When Fantasia went into the studio last January to start her new album, she laid down that edict for an arsenal of producers and songwriters — including Swizz Beatz, Diane Warren, Babyface, and Missy Elliott — who crafted a collection of songs that exploit her ’round-the-way girl persona while also paying homage to her musical forebears. Capturing her personality was especially important given the ho-hum critical reaction to her solid — if uncharacteristically boring — debut album, which lacked a memorable hit that could have better distanced her from Idol. ”I didn’t have enough songs on Free Yourself for the DJs,” she says. ”All of the songs were slow ballads.” Which explains why she’s introducing Fantasia with the energetic ”Hood Boy,” an adventurous funk stomp that samples a blast of horns from ”The Happening,” a 1967 Supremes hit. ”We wanted to catch people off guard,” says Larry Jackson, the senior vice president of A&R at RCA Music Group. ”Both of us went after material that was daring and bold and different.”

So much so that they even cut one intensely personal song that, upon close inspection, probably says more about where Fantasia is at these days than any of the others. It’s a slower, emotional track called ”Solo (So Low)”; producer Harold Lilly and a partner wrote it after having a brief but personal conversation with the singer. ”’Solo’ is about how if it ain’t one thing, it’s another,” Lilly says. ”It’s like, ‘I’ve got to go solo because you’ve taken me so low.’ It’s about standing on your own two feet.” When he first presented it to her, ”it stopped her in her tracks. She said, ‘I feel like this song is about my father.”’

Fantasia was 5 years old when Joseph Barrino first pushed her on stage to perform at weddings, funerals, and home gatherings — both alone and with the clan’s five-member gospel troupe, the Barrino Family. She was especially popular at the church where her mother, Diane, and grandmother, Addie Collins, were ministers. Eventually, though, the preacher’s daughter grew bored and rebellious and says she ”went through a phase,” dropping out of high school and getting pregnant by her then boyfriend when she was 17.

In her autobiography, Fantasia candidly discusses life as a hopeless single mother, says the relationship with the father of her daughter, Zion, 5, ended after he allegedly physically abused her, and reveals her past struggle with functional illiteracy. She also writes that her father sometimes had a violent temper, and that he pulled her away from school when she was young so that she could perform.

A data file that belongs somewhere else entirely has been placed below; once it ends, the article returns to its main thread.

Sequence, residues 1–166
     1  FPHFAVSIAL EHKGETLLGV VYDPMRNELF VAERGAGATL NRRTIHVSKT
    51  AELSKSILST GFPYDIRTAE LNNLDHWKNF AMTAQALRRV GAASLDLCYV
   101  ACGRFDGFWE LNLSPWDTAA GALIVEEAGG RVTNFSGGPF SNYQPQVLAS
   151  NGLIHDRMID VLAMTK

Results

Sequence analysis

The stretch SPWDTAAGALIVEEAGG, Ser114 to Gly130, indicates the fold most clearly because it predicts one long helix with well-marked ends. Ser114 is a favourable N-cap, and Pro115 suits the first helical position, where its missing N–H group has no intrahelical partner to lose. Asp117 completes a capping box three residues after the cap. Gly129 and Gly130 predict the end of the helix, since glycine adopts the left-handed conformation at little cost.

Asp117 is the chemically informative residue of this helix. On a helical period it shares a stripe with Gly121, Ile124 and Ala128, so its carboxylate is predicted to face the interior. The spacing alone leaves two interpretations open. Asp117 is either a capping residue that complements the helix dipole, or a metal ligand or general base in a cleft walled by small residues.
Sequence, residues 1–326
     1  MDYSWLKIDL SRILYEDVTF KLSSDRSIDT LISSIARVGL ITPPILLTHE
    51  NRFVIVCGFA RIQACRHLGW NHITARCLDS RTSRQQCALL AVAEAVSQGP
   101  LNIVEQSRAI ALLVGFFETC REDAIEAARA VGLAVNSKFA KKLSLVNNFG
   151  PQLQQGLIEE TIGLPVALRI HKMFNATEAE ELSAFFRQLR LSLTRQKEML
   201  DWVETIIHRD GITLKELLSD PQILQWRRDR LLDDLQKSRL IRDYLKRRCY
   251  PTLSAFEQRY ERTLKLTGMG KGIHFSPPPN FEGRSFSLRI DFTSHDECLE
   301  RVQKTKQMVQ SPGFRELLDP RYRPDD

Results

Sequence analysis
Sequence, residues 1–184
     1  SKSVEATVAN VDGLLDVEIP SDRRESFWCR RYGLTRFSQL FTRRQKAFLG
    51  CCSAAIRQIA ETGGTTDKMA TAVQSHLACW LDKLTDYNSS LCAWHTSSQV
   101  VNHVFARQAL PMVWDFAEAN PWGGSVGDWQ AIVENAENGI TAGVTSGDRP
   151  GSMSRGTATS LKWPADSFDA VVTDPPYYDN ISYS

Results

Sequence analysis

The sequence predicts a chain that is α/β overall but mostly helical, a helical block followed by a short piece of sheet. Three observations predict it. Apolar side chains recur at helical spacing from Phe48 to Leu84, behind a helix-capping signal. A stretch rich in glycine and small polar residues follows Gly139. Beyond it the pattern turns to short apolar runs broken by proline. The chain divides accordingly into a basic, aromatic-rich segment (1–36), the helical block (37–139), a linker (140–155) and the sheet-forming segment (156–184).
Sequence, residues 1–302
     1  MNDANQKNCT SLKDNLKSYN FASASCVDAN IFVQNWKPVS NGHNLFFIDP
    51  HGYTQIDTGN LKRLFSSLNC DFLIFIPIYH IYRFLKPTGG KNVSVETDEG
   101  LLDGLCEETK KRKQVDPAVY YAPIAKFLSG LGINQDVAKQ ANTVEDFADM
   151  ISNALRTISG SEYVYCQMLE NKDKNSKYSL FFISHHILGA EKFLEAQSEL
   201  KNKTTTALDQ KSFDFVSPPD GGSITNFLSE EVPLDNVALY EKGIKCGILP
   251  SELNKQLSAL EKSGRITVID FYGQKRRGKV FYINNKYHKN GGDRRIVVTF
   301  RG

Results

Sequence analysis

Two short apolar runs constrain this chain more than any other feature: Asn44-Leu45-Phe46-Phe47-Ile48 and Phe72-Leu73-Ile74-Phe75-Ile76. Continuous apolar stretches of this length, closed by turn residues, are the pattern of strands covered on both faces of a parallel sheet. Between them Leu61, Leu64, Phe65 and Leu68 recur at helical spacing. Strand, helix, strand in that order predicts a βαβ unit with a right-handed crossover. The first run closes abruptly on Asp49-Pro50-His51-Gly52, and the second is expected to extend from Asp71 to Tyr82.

Joseph Barrino was not happy. In September, he filed a $10 million libel lawsuit against Fairy Tale‘s publisher, Simon & Schuster. He claims that Fantasia’s grandmother, Collins, is the book’s ghostwriter and charges that the aforementioned disclosures — along with sections that touch on everything from alleged substance abuse in his family to ongoing financial struggles — have damaged his reputation with his employer and in his community.

Joseph insists he has no direct beef with his daughter, and says that they still speak regularly. The lawsuit, he tells EW, is simply about ”clearing my family’s good name.” He also says that when he confronted his daughter about the disputed passages, ”she said to me, ‘Daddy, I didn’t write that.’ She said that the publishers put that stuff in there without her knowledge.”

Fantasia and her mother (who is now divorced from Joseph) challenge these allegations. Both women say that Collins had no involvement in the writing process, and Fantasia denies telling her father that the publisher added particular passages. (Fairy Tale‘s editor declined to comment for this story, while a rep for Simon & Schuster would only say that the company’s collaboration with Fantasia was ”a great experience.”) Fantasia is mystified by her dad’s decision to sue: ”I don’t know what his reasons are. I don’t understand it.” Says Diane, ”[Fantasia] came home and said, ‘Mama, I feel like somebody put a knife in my back and twisted it.”’